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02-02-2011, 02:46 PM
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Sprague Cleghorn, D

Position: Defenseman
HT/WT: 5'10", 190 lbs (In his era, Cleghorn was one of the biggest players in the league.)
Shoots: Left
Nickname: "Peg"

- 3-time Stanley Cup Winner
- Member of the Hockey Hall of Fame (1958)
- 84 goals, 123 regular season points in 251 games played.
- 4 goals, 7 playoff points in 21 games played.
- 84 goals, 117 regular season points in 115 NHA games played. (assists rarely recorded.)
- Finished 2nd in 1926 Hart Trophy Voting As well as 1924.
- For what it's worth, Ultimate Hockey award Cleghorn with two retro Norris trophies. (Keep in mind the Norris Trophy was inaugurated in 1954, so these are just based on stats/accolades)

Originally Posted by Morning Leader, Dec. 17, 1915
Sprague Cleghorn, who has been elected captain of Montreal Wanderers this season, is perhaps the best all-around defence player in the NHA. He can hold down either the line or defence, is fast, a fine stick-handler, and carries a grand shot. He led all defence men in scoring last season. His great forte is intercepting a pass or busting a rush and getting off to a flying break for the other end of the rink. He stands alone in this stunt. Sprague has a head as well as hands and feet.
Originally Posted by Legends of Hockey
A remarkably talented and fierce competitor, Henry William Sprague Cleghorn was admired, despised and feared during his playing days. Wherever he skated, Cleghorn served as the anchor of his team's defense or occasionally posed an offensive threat as a forward. His on-ice accomplishments and physical style of play made him a virtual archetype of the hard-nosed star of hockey's early days.
Originally Posted by Legends of Hockey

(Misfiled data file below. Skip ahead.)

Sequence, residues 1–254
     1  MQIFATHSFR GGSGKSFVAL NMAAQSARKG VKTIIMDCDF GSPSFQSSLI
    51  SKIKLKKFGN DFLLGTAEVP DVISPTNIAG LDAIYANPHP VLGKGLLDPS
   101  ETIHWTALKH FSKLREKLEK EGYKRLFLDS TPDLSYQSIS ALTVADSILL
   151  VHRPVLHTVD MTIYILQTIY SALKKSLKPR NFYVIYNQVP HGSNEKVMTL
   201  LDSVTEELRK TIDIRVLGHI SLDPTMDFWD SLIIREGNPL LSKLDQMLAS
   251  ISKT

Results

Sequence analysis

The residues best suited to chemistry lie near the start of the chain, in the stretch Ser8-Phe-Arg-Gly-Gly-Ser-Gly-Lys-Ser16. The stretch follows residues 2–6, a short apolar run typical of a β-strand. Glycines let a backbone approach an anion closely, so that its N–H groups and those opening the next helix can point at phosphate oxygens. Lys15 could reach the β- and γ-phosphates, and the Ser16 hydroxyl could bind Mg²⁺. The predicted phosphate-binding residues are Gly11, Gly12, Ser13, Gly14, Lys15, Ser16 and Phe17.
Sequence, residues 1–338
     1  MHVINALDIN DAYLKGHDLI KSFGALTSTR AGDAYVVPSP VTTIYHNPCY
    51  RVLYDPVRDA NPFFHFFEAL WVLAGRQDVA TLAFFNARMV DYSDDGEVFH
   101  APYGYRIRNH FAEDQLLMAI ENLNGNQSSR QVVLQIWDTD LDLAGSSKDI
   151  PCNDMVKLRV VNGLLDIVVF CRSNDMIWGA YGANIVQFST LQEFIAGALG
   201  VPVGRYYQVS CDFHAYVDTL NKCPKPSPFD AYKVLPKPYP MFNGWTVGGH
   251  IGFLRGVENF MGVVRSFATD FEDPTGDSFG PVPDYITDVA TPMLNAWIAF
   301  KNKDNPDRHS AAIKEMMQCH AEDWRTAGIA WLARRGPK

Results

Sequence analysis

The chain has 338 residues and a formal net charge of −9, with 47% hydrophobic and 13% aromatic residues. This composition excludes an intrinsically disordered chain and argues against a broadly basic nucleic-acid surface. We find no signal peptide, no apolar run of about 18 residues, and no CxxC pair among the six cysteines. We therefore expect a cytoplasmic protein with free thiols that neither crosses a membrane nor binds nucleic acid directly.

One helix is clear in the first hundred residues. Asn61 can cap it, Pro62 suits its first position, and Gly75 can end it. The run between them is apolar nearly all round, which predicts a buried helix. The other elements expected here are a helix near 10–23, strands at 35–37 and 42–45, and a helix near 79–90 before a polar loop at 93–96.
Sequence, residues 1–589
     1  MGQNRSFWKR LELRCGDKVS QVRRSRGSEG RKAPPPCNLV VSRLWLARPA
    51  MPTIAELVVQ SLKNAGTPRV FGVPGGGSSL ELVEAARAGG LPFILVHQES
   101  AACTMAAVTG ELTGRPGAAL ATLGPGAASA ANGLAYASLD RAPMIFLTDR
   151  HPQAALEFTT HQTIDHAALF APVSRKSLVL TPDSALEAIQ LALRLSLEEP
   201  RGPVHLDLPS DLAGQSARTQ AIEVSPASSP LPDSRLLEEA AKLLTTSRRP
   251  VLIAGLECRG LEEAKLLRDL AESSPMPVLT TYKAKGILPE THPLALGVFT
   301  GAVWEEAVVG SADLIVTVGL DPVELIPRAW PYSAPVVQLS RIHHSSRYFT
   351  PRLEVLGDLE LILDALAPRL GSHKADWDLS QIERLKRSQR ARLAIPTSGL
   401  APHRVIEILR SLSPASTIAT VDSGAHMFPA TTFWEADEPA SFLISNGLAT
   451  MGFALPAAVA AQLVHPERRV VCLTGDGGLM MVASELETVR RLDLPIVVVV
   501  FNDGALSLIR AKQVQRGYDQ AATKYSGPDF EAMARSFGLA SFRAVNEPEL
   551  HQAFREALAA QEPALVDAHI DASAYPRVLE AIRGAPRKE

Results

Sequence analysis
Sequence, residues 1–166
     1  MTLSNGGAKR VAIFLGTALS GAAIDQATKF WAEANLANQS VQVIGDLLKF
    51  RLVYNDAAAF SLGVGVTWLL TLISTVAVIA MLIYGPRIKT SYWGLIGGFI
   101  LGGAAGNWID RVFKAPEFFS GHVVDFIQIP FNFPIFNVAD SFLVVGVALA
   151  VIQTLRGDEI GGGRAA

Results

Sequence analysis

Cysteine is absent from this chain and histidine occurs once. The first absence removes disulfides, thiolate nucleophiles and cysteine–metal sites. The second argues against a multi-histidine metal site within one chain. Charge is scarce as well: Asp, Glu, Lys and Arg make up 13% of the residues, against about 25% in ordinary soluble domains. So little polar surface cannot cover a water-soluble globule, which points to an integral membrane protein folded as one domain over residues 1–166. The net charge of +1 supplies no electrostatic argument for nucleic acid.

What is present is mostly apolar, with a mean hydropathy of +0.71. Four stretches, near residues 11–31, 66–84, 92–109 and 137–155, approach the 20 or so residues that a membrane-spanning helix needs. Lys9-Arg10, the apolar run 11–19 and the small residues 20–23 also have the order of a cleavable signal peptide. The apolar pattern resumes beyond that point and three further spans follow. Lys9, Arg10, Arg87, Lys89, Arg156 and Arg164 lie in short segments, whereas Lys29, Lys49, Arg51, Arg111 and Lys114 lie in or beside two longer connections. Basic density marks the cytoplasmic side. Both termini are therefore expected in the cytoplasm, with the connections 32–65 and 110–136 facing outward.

At this time Cleghorn was heavily influenced by his teammate Fred "Cyclone" Taylor. Cleghorn rushed forward with the puck in much the same fashion as the illustrious defender and was one of the earliest incarnations of an offensive defenseman.
Originally Posted by Legends of Hockey
As well known as he was for his speculative rushes on offense, Cleghorn was lauded for his play even when he didn't have the puck. Many of the game's top forwards were less inclined to venture near a net guarded by a tough defender. But Cleghorn wasn't a mere bully; he was respected for exceptional defensive play that was considered to be at the same level as such stars as Eddie Gerard and George Boucher.
Originally Posted by Legends of Hockey
Cleghorn was suspended by team owner Leo Dandurand when he attacked Ottawa defenseman, Lionel Hitchman, who described his player's actions as "befitting an animal."
Originally Posted by Greatest Hockey Legends
Sprague Cleghorn is one of the game's all time best defensemen, but also one of the most aggressive. Perhaps too aggressive, But his on ice greatness has been forever overshadowed by his on ice antics. He played the game with vigilante vigor
Originally Posted by Greatest Hockey Legends
Despite such actions, Cleghorn continually produced results, including helping the Habs win their first Stanley Cup as a member of the National Hockey League
Cleghorn and xxxxx xxxxx were traded to the Bruins in the 1925-1926 season, and got rowdy with Eddie Shore in practice, leading him to get repairs on his ear. But over time they became close, and Cleghorn acted as a mentor/tutor the young phenom Shore as he constantly improved into a perennial all-star defenseman.

Last edited by Velociraptor: 02-26-2011 at 03:36 PM.
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